8th Sep, 2020
CANN is tackling global climate change by re-wetting local bogs across Northern Ireland. Garry Bog, Peatlands Park and Moneygal Bog are targets for the next tranche of work this autumn. Local action for global benefit.
First to be tackled is Moneygal near Castlederg and next week heavy machinery will move onto the bog to block old drains and help to re-wet this internationally important habitat so that it starts to function as an actively growing bog again. The rejuvenated bog will be rich in biodiversity and will also capture and keep carbon out of the atmosphere helping Northern Ireland do its bit towards national climate change obligations.
“Years ago, Moneygal Bog was drained so that it could be cut for turf and planted with conifers and those drains have continued to carry water off the site causing it to slowly dry out. Now the CANN project has allowed us to actively restore this bog and many others across Northern Ireland, Ireland and Western Scotland,” said Simon Gray from Ulster Wildlife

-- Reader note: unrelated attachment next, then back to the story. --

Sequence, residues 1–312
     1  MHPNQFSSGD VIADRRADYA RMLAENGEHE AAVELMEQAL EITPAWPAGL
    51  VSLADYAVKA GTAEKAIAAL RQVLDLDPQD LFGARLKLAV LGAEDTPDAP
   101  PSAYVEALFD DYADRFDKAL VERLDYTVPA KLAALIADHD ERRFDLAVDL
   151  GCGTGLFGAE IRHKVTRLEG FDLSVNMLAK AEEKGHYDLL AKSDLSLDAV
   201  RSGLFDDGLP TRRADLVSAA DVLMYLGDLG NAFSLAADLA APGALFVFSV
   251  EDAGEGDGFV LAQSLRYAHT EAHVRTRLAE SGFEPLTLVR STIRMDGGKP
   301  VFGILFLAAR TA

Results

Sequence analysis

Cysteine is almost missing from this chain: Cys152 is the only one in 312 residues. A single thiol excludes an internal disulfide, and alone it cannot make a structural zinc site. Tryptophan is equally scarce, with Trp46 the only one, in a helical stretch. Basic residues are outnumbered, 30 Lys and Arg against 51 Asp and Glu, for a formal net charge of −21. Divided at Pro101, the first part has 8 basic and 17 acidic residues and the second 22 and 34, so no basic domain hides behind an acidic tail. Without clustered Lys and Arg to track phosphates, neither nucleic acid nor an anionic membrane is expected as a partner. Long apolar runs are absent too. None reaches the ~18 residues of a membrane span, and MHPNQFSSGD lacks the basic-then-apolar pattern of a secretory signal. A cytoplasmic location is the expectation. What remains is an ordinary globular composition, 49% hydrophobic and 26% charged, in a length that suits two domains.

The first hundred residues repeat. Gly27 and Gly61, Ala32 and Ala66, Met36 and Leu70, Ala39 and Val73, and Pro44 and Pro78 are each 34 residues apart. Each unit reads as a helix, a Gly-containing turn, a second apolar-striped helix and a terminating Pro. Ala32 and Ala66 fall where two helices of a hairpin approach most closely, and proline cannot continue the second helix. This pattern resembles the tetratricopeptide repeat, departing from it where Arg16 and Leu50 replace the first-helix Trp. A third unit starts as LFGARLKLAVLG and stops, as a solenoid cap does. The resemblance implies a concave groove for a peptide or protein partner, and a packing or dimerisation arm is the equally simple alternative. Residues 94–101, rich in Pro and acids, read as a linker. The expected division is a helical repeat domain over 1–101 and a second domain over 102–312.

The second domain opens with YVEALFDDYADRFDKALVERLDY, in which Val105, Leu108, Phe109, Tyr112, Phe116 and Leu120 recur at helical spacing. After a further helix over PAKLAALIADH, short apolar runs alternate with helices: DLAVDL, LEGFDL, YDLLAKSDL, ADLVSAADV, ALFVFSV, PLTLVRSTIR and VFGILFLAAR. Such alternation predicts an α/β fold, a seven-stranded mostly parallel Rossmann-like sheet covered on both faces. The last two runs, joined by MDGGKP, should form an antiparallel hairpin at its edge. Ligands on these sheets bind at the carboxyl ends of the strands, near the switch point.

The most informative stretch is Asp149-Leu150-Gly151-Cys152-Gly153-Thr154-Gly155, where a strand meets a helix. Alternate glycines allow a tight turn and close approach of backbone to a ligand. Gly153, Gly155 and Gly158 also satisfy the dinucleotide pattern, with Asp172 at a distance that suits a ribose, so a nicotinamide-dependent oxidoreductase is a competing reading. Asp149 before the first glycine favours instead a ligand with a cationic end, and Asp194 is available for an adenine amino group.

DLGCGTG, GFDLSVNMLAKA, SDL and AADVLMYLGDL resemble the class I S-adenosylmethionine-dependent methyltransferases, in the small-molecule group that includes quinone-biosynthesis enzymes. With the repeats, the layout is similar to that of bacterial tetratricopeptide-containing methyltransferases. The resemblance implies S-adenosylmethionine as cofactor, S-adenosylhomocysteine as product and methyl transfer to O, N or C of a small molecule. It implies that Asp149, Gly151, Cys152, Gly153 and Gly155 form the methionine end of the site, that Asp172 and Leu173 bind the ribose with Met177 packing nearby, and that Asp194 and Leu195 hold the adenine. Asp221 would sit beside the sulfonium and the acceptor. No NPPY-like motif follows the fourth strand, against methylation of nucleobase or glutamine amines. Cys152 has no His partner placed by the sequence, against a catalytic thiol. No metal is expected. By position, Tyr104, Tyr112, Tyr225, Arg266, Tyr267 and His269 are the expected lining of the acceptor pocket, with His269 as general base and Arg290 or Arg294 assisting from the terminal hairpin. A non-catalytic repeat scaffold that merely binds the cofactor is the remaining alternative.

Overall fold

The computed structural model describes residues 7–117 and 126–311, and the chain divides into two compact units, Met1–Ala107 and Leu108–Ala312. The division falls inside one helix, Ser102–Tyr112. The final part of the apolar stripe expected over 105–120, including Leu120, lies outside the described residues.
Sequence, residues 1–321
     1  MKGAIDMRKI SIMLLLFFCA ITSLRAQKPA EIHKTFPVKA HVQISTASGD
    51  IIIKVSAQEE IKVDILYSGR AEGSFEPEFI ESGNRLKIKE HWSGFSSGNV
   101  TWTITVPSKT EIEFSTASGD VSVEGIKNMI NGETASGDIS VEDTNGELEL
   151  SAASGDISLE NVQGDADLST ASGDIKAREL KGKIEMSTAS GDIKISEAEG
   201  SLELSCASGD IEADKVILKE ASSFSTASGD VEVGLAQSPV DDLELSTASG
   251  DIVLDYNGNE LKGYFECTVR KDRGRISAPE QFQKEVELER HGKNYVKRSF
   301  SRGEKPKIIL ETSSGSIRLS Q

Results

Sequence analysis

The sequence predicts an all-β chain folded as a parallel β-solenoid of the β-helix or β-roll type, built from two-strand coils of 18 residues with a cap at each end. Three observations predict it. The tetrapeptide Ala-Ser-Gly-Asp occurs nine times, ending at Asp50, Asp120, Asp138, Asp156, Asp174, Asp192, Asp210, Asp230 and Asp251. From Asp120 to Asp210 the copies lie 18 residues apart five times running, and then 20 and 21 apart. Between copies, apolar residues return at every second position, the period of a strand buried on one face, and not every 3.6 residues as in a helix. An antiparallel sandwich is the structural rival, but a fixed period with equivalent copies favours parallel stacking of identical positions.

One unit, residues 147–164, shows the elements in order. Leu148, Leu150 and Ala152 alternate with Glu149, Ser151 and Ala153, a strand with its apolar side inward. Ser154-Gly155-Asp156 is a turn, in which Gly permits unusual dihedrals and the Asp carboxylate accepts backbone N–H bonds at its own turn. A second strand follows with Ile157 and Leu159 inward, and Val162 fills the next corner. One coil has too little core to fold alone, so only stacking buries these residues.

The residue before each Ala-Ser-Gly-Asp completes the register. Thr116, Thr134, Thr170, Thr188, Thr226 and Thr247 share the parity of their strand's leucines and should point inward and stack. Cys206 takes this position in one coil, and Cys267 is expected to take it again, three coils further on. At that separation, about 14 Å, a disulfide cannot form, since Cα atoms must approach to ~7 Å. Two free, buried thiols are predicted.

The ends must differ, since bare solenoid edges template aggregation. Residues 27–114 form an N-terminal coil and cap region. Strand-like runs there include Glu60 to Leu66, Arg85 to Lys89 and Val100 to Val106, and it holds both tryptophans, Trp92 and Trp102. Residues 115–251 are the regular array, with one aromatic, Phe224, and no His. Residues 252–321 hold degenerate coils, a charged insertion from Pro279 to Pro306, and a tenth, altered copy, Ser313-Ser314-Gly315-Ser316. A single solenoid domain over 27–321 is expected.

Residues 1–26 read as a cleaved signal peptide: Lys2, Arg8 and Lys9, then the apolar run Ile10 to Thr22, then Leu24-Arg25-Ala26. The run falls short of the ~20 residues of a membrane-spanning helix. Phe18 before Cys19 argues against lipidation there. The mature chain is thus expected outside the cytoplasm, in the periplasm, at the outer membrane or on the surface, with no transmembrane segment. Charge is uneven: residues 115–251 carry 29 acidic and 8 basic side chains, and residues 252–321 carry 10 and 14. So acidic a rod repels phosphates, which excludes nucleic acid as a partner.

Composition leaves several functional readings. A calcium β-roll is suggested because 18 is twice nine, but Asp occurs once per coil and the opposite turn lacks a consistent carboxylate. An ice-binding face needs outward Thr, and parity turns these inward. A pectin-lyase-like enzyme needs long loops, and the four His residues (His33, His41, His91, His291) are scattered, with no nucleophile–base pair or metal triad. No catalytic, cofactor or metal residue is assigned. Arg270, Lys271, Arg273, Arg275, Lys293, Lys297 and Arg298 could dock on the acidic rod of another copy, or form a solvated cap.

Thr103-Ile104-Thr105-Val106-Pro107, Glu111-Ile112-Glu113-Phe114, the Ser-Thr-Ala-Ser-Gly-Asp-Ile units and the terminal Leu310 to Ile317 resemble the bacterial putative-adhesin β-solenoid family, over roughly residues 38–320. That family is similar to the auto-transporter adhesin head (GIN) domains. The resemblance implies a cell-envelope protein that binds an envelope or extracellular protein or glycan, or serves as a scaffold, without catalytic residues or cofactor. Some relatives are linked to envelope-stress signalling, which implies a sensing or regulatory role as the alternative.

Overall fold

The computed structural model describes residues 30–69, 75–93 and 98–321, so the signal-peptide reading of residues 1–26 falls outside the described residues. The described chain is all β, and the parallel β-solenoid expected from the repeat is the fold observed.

Moneygal Bog, which is a Special Area of Conservation and National Nature Reserve, is one of eight raised bogs across Northern Ireland included in the project.
“Although protected, all these bogs are in poor condition, mostly because they have dried out and the important peat-building Sphagnum mosses cannot grow. Blocking drains is the quickest and most effective way of reversing that trend,” Simon continued.
“We work with hydrologists at the RPS Group who pinpoint exactly where to block drains to get the most impact. We monitor the water table monthly and will keep a watching eye on levels after the drains have been blocked.
“We need the water to be within 10 cm of the surface for 90% of the year and blocking the drains is the only way this will happen. A healthy wet bog is excellent at capturing carbon and bog restoration is a key tool in our work to tackle climate change.
Ulster Wildlife has also removed over 10ha of invasive conifers and scrub from the bog this year. The re-wetting will help stop further invasion.
Moneygal Bog is owned by the Northern Ireland Forest Service. Ciaran Cassidy, Forest Stewardship Officer, said:
“We are delighted to see active conservation on this very important site and have worked closely with Ulster Wildlife and the CANN project to allow this to happen.”